The U.S. economy went on something of a crash diet during the Great Recession, cutting millions of Americans from the workforce and squeezing dramatic productivity gains from those who remained. Unit labor costs dropped and output per hour rose as busiensses became leaner and meaner. But slimming down can only increase efficiency to a point, and as the economy has recovered, the pendulum has appeared to swing back in favor of workers. Revised estimates released yesterday by the Labor Department show that productivity growth slowed to 0.9 percent annualized at the end of last year, down from 1.8 percent in the previous quarter. And unit labor costs rose 2.8 percent, more than doubling earlier estimates.

That bodes well for tomorrow's jobs report, which is expected to show modest gains throughout the economy. If productivity is slowing, than the only way businesses can expand output is to hire more people. Hopefully that will put sufficient pressure on wages, which have plenty of room to rise against price markup without any inflationary effect.

But let's not miss the forest for the trees—or in this case, the historic trend for the market correction. The graph below—which plots productivity growth against labor costs since 1990—shows that the divergence between efficiency gains and wage compensation is a long-term trend that is not likely to be altered by the recovering labor market. The underlying problem remains intensifiying income inequality, here expressed as workers' decreasing share of corporate profits. Although tomorrow's job numbers are likely to be another piece of good news for the economy—joining high consumer confidence and declining unemployment insurance applications on a growing list of positive indicators—it is critical that we do not allow the conversation about systemic inequality to fade into the shadows. The graph below illustrates a tectonic, not cyclical, shift. We'll need more than a band-aid to correct our course.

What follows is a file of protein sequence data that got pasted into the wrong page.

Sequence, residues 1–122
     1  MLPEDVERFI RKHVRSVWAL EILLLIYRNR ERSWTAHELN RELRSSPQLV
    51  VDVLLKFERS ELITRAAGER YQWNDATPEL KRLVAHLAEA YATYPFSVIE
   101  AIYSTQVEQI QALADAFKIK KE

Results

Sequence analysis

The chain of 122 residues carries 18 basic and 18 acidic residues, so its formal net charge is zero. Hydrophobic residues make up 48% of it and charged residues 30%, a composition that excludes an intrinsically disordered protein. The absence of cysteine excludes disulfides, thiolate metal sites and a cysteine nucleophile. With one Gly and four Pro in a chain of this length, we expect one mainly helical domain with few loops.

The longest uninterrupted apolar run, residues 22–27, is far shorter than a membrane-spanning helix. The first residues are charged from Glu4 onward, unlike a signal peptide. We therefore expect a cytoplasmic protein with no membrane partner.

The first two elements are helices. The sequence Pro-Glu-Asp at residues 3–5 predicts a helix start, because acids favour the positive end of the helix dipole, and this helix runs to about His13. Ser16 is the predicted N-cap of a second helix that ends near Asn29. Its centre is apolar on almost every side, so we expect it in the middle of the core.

Productivity and unit labor cost